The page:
1. Tell us a bit about yourself
I was born in the UK, got itchy feet after a 3 month caving trip to China, and emigrated here aged 28. I work in engineering/technical areas. I met and married an adventurous Aussie lass, have 2 teenage boys, now 15 and 17. I mostly like sports beginning with C; canoeing, canyoning, cross-country-skiing, cycling, surfing…
[editor’s note: Ian got the name Blue Stratos because we’d just named Old Spice (for chatting up elderly ladies on the Artamon bike path) and Ian looked vaguely similar and had a blue bike!]
2. What got you into cycling?
My parents have never owned a car, so cycling to get around was the normal thing to do in our family, despite our living in a hilly town. My earliest memories feature being on the child seat on my dad’s bike – daily over the hump back bridge to pre-school, age 4.
3. How did you come to join the Easy Riders?
I kept getting overtaken by ER riders. I usually ride solo, but the social scene of the group proved irresistible, though I understand little, having no cipher for the coded conversation.
4. Tell us about your bikes.
Not so long ago I owned various child carrying bicycle contraptions, including a double tag-along, and a triplet, but the kids grew, so I sold them – the bikes, that is.
I’ve a Giant Reign MTB which is great, but the only bike that really matters to me is my custom road Argos tourer, This was built for me in Bristol in 1982 by the fabled Arthur Needham, with the earnings from my first job out of University. With silver soldered Reynolds 531DB steel tubing, to my eyes it is a beast of beauty, with Prugnat cut-out long point lugs, and Cinelli crown. It has had 3 resprays in various shades of blue, 3 generations of components, and we have probably gone well over 100,000 km together… Are you sure you want to know this…?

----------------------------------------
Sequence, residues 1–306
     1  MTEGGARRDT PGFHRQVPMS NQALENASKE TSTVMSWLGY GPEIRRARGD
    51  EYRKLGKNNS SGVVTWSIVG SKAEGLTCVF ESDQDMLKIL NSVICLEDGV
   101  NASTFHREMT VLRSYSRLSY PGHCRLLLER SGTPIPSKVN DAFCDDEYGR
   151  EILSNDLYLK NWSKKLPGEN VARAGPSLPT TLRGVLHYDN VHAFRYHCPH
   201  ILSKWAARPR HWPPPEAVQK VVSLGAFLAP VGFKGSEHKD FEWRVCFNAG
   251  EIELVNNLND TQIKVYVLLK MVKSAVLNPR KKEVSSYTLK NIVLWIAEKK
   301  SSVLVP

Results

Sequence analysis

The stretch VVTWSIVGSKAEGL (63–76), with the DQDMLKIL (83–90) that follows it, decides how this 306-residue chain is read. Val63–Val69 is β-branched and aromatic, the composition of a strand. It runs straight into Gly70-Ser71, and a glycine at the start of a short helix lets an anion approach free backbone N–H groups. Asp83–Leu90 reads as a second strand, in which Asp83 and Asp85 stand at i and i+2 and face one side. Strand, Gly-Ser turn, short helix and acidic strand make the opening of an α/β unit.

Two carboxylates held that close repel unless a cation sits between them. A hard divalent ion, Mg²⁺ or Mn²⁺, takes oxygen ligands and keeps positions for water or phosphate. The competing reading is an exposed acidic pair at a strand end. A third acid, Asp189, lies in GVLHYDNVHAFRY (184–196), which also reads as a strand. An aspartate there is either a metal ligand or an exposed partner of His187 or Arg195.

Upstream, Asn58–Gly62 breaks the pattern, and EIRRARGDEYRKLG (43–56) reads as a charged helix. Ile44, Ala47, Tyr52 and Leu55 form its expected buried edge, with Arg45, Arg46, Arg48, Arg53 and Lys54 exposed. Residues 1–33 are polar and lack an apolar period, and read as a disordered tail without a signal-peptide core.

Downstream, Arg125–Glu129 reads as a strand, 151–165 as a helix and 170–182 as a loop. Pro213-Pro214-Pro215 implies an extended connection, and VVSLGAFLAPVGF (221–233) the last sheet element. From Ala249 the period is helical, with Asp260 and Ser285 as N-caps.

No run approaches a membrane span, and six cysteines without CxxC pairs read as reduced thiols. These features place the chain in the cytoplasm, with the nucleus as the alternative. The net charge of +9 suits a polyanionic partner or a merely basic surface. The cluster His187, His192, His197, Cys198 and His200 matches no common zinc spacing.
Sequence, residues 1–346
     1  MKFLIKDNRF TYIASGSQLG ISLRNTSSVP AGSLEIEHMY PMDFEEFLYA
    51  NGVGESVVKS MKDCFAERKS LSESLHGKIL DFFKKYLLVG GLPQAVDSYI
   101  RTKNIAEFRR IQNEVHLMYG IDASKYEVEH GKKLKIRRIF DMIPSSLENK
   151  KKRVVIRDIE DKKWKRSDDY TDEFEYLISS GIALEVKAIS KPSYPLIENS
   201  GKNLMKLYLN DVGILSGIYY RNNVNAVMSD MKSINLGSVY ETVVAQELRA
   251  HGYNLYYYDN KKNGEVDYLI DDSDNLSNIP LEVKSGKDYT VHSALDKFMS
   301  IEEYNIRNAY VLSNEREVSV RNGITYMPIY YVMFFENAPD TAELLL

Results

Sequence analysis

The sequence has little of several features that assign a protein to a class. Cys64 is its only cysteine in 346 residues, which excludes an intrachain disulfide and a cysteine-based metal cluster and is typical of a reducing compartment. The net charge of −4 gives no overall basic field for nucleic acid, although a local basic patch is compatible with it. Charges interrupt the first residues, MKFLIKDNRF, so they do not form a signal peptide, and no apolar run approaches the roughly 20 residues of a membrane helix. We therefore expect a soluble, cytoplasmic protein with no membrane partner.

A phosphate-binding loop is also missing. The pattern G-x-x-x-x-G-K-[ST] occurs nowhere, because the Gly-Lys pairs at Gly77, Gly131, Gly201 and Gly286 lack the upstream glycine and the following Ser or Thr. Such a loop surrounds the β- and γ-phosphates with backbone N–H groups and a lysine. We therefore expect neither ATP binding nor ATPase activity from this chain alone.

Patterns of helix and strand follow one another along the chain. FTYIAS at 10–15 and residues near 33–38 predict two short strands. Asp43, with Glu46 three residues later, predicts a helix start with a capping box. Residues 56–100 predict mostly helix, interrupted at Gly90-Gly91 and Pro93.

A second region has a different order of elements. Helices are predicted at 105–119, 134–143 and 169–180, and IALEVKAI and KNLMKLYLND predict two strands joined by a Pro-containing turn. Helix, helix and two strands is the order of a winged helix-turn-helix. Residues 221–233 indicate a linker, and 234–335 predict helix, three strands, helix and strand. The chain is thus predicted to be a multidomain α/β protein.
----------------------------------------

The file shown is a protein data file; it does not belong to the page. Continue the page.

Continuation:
5. If you could ride anywhere in the world, where would it be?
My tour would start in France, go via Eastern Europe, and finish in Turkey. Ideally a route with hills, views of snow capped mountains, raging rivers, frequent small quaint villages, quiet roads, good local food, and interesting locals who don’t shoot at me.
6. Tell us a riding story.
I once had my front bike wheel stolen, and reported this to the police. “Can you describe it?” asked the constable. “Certainly, yes”, I replied.
“My front wheel was built in Bristol by Evans Cycles in 1982, using a polished silver Campagnolo Record 36 hole high flange hub, with quick release skewer. It’s Weinmann Concave 27″ silver alloy rim is laced 3 cross with 14/15 gauge double butted stainless Sapim spokes, with DT brass nipples and Velox cotton rim tape. It has a black Continental top touring tyre, 27 by 1 and a quarter, fairly new, only light wear. The Michelin inner tube has a Presta valve with black cap, and has one patch, about a third of the way round from the valve. The wheel runs true but has a small ding 6 inches past the valve on the release lever side. The hub is clean but the rim is a bit dirty”.
The constable looked up at me, with a surprised expression. I imagined smoke rising from his pen. “That’s the first time I’ve had that, they usually say ‘Round’.”
7. Do you have any advice for the riders at the back of the ER peloton?
I’ve been there, and still am on some days. Just come along, and ride at a pace you can sustain, and the group will adjust for you. The riders just in front of you who are working close to their limits, but trying not to show it, will be delighted. The regular front runners who are cruising anyway get to chat more in their special code. Soon you’ll be answering one of these questionnaires.
8. Lastly, tell us something we don’t know about you.
I design and build mean Trebuchet’s for throwing rubber chickens huge distances, so Scouts can get hit in the face by them.